Remote Construction Vibration Monitoring with RDL//Vibe Wireless Equipment
The RDL//Vibe is a robust self powered remote vibration monitoring system ideal for monitoring vibration levels arising from construction activities such as piling, demolition, blasting and other works that generate ground vibrations. With online reporting and real time email and SMS alarms when vibration levels trigger threshold limits, you can continue work onsite comfortably knowing that the RDL//Vibe will alert you of potentially damaging or annoying vibration levels as they happen.
Find out more about the RDL//Vibe
RDLVibe Construction Vibration Monitoring Specifications
RDL//Vibe features and benefits
The RDL//Vibe was designed for use on construction sites to provide contractors, managers and engineers with the information they need in real time, allowing them to manage the vibration impacts on neighbouring properties.
Vibration monitoring during construction
Construction activities can generate ground vibration at varying levels, which spread through the ground and can affect neighbouring properties, buildings and their residents. It is common for construction work to generate vibration complaints from neighbouring residents and building owners, and this places an emphasis on construction companies to identify, assess and monitor problem areas.
The main concerns include:
It is common for construction projects to stipulate remote monitoring in the project requirements and guidelines, to avoid damage and annoyance, and to prove due diligence on-site.
The construction activities most commonly known to generate severe vibration levels are blasting and impact pile driving. Other sources of ground vibration on construction sites include pile-driving, vibratory compaction, demolition, drilling and excavation.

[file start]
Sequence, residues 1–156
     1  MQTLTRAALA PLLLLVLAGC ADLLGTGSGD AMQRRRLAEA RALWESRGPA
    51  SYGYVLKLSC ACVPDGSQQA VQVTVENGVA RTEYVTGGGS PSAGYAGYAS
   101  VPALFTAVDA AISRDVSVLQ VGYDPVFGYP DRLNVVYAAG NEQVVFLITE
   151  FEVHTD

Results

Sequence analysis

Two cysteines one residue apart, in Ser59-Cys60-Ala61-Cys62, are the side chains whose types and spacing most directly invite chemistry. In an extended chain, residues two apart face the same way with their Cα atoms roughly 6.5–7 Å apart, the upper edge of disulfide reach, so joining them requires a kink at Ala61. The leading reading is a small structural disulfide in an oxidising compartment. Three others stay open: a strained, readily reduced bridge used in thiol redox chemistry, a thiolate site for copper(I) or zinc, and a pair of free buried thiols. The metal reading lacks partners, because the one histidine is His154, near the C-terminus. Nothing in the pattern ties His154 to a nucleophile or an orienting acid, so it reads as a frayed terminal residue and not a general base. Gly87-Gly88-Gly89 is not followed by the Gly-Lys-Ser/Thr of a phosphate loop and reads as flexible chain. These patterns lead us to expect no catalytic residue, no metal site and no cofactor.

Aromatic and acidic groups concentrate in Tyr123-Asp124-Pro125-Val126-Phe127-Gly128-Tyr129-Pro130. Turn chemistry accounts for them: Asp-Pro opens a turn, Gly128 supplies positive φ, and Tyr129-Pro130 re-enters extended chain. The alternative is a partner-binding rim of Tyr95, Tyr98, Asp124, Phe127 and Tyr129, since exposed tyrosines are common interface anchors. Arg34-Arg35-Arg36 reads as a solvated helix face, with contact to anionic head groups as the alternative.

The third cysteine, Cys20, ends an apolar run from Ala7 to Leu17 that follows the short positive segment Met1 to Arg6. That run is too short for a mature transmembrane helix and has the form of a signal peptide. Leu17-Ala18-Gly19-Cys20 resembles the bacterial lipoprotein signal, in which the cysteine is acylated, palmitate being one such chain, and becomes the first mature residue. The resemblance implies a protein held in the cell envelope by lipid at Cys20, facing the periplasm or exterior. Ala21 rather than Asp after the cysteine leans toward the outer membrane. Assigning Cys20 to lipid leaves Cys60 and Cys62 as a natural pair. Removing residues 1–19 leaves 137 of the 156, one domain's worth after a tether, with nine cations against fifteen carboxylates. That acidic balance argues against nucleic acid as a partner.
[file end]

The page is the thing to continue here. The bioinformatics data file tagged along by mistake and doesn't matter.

Most susceptible to damage
Most susceptible to damage from ground vibrations are fragile buildings and structures, such as historic buildings, gas pipes, oil pipelines and cast iron water mains.
When carrying out construction works which may produce vibration, all potential receptors must be considered, with particular attention paid to occupiers and users of buildings, hospitals or laboratories, as well as cosmetic or structural damage to buildings or heritage sites.
Companies are already requested to take care planning the sequence of works in order to minimise the transfer of vibration to neighbouring properties, and in some cases project managers are instructed to monitor ground borne vibrations, react and adjust work methods to ensure vibration levels are kept below specific levels.
As available space becomes tighter it will be imperative to protect surrounding properties from the effects of excessive vibration during such works, particularly in cities across the UK.
Piles are the permanent foundation support to so many different structures throughout the UK, so it is of great importance to know the likelihood of disruption that could be caused through installing piles in order to minimise or alleviate it altogether. An increasingly important aspect of project management during construction work, is to understand the impact of ground-borne vibration, on the surrounding community.
Most susceptible to damage from ground vibrations are fragile and historic buildings. A building’s response to ground-borne vibration is affected by various different factors and while a concern doesn’t always mean that there’s potential for damage, without an auditable trail of vibration data it can be difficult to link damage with a particular cause.
As available space becomes tighter it will be imperative to protect surrounding properties from the effects of excessive vibration levels arising from demolition works, particularly in cities, as well as on sites near historic building and sensitive structures such as railway viaducts, railway lines, hospitals, server rooms, electrical sub stations and gas mains.